To the south, precipitation at ski areas in the Pacific Northwest are 100 to 200 percent above average, according to Joel Gratz of the snow-forecasting website Open Snow, and Tahoe-area resorts are about the same. Colorado ski areas are a measly 20 to 70 percent below average, Gratz continued, but, as usual, early season snow totals don’t always make for better snowpack when the ski season kicks into high gear.

“For current snowpack, the picture is not as clear,” Gratz wrote in a post on Friday. “While many areas to the west and north of Colorado have seen a lot of precipitation, the recent spell of warmer temperatures has melted some of the snow and/or kept snow levels high. In Colorado, snowpack is meager … just about 10-percent of average, or really just a few patches of snow at higher-elevation, north-facing slopes.”

In late October, Gratz said almost exactly the same thing: After digging through historical data, he found that October snowfall rarely (if ever) correlates to below-average snowpack during the high months of February, March and April.

This October was one of the driest and warmest in recent history, but it’s not exactly an extreme outlier — more like a perfect storm of unfavorable conditions. In 2013, temperatures and snowfall were similarly warm and light, but the nighttime lows stayed in the snowmaking sweet spot of 25 degrees or less from Oct. 14 to November, according to data from the National Oceanographic and Atmospheric Administration. As far back as 1996, Summit saw a string of highs in the 60s through mid-October, but lows were less than 30 degrees for most of the month and temps quickly dipped into the 20s by late October. For the past five years, the final five days of October have been consistently cold, with temps reaching into the teens and single digits every year — except for this one. It snowed just twice during the month, and so far November has been just as dry. But there’s hope on the horizon, Gratz said, even if it’s the distant horizon.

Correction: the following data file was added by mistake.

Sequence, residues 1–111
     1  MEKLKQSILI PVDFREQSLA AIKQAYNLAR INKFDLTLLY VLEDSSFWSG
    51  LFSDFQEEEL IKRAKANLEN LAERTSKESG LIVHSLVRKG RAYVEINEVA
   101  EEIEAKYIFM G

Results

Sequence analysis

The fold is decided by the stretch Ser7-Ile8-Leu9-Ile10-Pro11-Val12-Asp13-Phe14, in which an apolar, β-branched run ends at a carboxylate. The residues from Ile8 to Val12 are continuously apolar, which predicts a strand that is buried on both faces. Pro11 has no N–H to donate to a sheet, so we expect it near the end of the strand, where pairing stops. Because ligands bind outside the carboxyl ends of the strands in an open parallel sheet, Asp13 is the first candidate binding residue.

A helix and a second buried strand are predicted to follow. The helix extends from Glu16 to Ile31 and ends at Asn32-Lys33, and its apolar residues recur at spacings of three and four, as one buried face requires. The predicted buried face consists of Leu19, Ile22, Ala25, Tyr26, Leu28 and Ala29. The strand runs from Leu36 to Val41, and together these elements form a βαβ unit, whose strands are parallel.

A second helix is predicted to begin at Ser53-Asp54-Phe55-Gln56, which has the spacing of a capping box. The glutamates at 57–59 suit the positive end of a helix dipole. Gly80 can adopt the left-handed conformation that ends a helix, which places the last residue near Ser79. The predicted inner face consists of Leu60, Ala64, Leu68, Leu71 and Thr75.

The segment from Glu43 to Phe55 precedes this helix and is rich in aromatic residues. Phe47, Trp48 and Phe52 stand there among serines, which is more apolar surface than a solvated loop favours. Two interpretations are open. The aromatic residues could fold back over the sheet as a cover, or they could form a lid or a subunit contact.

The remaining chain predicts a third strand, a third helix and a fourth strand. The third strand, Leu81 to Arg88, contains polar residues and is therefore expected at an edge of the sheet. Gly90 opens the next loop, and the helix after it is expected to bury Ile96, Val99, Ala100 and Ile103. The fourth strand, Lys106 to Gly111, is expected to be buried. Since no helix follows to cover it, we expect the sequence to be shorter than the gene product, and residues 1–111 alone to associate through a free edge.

“Snow will fall over all mountains between Friday afternoon and Sunday, with the heaviest amounts in the southern mountains,” Gratz wrote. “The weather for next week will be benign, but then a change to stormier weather is likely during the last 10 days of November.”

A better November

While Keystone, Loveland and the remaining Summit County resorts hope for snow and cool temps in time for opening day on Nov. 11, skiers and snowboarders are making the most of a prolonged fall season. At Loveland, the Loveland Ski Club has been on the snow almost daily for early season practice.

“I’ll tell you, the snow is phenomenal for us,” said John Hale, executive director for the club. “We’re in a freeze-thaw pattern, and for racing that’s one of the best situations you can have — in the morning it’s rock hard, just like we like it.”

Even the ski club is getting creative with the conditions. Coaches had plenty of salt left over from the spring season, Hale said, and they’ve been using it to harden the snow surface this fall when afternoon temps start to soar.

With any luck, Loveland snowmakers hope to cover three runs — Homerun, Catwalk and Mambo — for top-to-bottom service on Lift 1 by Nov. 11. At A-Basin, High Noon is still the sole open run as crews blow snow on Ramrod en route to the summit, while Keystone crews are busy filling out Schoolmarm, The Alley, Silver Spoon, Paymaster, Last Chance, the west side of Montezuma Express, the mid-load station for River Run Gondola and the summit at Dercum Peak. There will be no top-to-bottom service on opening day, officials said.

In the meantime, recreational skiers and snowboarders are still making turns at A-Basin with dozens of ski club athletes from across the nation. Many ski clubs plan to train at Loveland as soon as the area opens, and Hale says simply the ability to be on snow of any sort — natural or manmade — is invaluable for the team.

“This is very important for us,” Hale said. “We shoot to have at least 60 days of training prior to the first race of the season, and typically a program will have to go to Mammoth, Mount Hood, the southern hemisphere, and then into Europe for October to get that many days on snow. A big cornerstone of our program is providing that training right here at home.”